Every country recognizes its day of infamy. The United States recalls President Franklin Roosevelt's words that Dec. 7, 1941, was a day of infamy for the Japanese attack on Pearl Harbor that killed thousands. Latvia, whose democracy was ended by the Soviet invasion a year earlier, had its first day of infamy when Joseph Stalin's Soviet troops rounded up and deported 15,000 Latvian citizens to concentration camps in Siberia. On June 14 their names will be aired over Latvian media and thus remembered.
The Soviets considered Latvia, a country 40% the size of Iowa with 1% of the population of Russia, a threat. And anyone who was in opposition, who spoke the native language, for example, was a subversive. My father was a journalist who would have been shot; the rest of us would have been sent to the gulag to die in Siberia. My immediate family was fortunate to flee to the West and eventually find a new home and freedom in Minnesota.
When the Soviets deported the 15,000 Latvians to certain deaths in Siberian concentration camps, there was no warning. No indictments, no charges, no bail, no trials; people just disappeared. What happened to Latvia should be a warning to what can happen in an autocratic society. Some people in the U.S. liken government regulations mandating the wearing of face masks to an act of communism. These comments come from uneducated people who have not studied history.
The lessons of what happened to Latvia, now a staunch member of NATO and sharing a 140-mile border with Vladimir Putin's Russia, should not be forgotten.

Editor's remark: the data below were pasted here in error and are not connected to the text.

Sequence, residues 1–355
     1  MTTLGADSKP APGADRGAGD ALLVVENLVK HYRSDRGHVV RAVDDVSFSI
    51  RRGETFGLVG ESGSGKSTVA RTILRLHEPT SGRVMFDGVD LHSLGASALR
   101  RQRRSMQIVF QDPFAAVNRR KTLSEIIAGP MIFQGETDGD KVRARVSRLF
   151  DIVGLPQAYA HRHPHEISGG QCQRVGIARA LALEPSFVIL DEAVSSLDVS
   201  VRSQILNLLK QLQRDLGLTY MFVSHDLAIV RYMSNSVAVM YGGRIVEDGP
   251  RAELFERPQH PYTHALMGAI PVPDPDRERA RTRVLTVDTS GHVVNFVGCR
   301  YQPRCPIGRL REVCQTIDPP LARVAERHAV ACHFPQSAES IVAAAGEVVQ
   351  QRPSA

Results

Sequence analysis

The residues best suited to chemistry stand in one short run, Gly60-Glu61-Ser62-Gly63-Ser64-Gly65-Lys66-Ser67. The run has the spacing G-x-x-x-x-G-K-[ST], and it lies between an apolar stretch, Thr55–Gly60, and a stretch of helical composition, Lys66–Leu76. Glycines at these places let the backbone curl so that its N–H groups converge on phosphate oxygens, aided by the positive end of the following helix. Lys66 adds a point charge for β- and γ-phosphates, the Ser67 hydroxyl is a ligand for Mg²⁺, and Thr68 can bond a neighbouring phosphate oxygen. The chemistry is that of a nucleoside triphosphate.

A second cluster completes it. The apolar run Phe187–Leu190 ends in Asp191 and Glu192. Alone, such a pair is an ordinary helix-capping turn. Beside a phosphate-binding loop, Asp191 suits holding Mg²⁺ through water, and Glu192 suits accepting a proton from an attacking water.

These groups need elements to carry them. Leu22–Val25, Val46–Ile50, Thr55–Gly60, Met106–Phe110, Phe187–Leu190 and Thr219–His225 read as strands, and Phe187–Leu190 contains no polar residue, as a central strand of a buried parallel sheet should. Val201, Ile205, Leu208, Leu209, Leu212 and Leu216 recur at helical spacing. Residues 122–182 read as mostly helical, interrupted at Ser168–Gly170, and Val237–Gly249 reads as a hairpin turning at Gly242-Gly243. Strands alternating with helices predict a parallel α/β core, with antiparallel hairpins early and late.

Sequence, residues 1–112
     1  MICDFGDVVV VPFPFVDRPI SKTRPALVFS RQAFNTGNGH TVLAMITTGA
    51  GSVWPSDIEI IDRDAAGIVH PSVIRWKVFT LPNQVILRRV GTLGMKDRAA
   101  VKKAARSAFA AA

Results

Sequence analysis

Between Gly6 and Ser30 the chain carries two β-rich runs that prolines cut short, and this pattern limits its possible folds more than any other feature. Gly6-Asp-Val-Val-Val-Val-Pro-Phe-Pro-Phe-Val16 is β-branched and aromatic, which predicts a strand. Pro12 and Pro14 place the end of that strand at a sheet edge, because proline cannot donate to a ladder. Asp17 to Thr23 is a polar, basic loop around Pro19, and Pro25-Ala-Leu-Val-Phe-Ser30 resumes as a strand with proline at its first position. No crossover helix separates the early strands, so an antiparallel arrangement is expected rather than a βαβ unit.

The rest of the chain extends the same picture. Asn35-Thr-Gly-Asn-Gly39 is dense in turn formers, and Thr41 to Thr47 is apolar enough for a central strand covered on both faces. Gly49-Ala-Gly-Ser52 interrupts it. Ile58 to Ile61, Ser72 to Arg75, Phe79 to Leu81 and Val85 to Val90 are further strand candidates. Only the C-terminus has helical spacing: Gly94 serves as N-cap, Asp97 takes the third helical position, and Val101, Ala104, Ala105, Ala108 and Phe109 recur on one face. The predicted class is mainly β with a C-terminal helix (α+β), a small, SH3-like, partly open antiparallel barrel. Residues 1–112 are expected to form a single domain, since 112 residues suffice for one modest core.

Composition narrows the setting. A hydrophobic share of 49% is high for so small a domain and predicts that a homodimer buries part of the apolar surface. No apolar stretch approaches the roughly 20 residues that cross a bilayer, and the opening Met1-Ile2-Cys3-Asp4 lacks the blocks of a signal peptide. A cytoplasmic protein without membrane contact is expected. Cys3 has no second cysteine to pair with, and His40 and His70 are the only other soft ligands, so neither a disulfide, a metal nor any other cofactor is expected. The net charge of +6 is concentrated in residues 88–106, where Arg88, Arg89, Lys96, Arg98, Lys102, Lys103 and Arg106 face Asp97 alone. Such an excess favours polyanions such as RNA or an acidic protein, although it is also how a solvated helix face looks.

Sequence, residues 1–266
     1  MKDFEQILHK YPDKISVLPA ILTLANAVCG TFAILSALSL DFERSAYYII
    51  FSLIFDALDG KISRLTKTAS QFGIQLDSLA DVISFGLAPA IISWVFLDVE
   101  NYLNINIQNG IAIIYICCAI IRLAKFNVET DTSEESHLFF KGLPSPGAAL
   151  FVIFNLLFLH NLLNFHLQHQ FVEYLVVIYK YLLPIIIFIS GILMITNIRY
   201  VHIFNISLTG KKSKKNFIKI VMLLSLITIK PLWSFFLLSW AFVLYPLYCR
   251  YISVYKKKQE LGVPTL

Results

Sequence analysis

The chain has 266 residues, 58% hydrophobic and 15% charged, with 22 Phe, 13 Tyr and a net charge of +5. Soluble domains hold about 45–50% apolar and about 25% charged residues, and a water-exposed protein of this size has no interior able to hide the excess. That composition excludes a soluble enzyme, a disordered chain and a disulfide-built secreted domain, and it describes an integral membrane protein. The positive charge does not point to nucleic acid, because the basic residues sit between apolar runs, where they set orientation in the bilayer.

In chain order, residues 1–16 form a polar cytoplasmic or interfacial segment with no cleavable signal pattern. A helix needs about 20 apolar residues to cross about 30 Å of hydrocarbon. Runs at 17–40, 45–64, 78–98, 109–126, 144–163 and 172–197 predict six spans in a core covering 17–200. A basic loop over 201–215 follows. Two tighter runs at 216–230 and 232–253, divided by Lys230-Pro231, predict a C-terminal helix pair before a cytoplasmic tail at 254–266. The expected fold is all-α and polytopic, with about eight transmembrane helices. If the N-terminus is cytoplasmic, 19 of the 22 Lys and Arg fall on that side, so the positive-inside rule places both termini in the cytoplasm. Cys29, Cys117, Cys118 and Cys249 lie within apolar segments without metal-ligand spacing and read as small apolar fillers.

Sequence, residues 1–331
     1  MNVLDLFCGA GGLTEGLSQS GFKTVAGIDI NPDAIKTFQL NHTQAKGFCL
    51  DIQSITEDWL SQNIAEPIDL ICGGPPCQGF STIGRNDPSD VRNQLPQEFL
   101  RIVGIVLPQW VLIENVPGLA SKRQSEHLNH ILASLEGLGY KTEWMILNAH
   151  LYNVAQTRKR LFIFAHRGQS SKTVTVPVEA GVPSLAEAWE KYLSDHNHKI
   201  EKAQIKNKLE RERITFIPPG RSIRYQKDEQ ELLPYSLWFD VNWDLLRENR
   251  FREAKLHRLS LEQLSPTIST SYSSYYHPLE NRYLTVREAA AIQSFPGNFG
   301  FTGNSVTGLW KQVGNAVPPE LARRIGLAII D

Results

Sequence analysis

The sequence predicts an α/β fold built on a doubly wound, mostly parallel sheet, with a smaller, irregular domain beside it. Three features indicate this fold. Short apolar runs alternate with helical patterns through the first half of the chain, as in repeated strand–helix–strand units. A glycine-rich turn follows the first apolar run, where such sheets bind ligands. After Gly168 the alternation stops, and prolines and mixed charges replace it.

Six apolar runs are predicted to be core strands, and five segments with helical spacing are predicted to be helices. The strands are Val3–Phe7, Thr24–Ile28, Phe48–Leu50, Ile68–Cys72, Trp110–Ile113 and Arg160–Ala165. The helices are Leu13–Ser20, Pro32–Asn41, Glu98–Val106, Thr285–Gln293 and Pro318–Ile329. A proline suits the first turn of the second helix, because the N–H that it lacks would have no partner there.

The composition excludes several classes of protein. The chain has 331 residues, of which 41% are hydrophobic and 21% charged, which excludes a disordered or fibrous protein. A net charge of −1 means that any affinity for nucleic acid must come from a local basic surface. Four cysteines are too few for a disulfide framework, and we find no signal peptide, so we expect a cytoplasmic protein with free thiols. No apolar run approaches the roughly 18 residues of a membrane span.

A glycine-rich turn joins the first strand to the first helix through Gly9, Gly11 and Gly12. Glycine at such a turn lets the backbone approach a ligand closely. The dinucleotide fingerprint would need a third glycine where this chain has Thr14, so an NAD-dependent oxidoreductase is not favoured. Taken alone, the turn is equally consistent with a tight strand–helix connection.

Back to the narrative. Under communism, the state owns your house and your business. It forbids religion and a free press and all the media. It allows only its version of history and affects anything/everything to be taught. There is not an independent judiciary, so there is no recourse, and whatever the government says goes. There are no independent unions and no real political parties. And in communism, of course, some people are more equal than others, namely those who are Communist Party members.
Latvians today remember every June 14th with a moment of silence, much like Israeli citizens devote two minutes of silence on each April 27 to remember the horrors of the Holocaust. So, you guys out who complain that you've been subject to the horrors of face mask wearing to stop the spread of disease and who say that it is a harbinger of communism, give me a break.
John Freivalds is honorary consul of Latvia in Minnesota.